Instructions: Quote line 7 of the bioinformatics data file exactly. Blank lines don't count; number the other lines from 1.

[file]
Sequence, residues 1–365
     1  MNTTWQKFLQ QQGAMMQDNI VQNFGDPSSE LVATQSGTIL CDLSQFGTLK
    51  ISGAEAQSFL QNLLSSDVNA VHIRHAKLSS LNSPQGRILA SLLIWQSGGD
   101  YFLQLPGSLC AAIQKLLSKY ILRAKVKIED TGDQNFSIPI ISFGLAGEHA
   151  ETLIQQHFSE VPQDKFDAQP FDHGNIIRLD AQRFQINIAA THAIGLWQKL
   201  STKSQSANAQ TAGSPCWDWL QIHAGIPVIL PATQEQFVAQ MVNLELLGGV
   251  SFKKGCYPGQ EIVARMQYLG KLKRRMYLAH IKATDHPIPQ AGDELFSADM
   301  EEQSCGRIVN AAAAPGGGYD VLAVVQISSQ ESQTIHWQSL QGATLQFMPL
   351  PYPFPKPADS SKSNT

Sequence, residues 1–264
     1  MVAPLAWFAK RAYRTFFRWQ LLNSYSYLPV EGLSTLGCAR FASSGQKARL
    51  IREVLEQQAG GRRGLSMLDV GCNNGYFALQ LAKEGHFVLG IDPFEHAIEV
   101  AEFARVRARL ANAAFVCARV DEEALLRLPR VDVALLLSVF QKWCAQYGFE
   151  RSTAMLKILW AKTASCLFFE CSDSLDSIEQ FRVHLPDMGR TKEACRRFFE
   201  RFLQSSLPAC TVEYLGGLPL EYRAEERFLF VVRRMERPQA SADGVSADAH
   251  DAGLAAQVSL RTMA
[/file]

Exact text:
   251  SFKKGCYPGQ EIVARMQYLG KLKRRMYLAH IKATDHPIPQ AGDELFSADM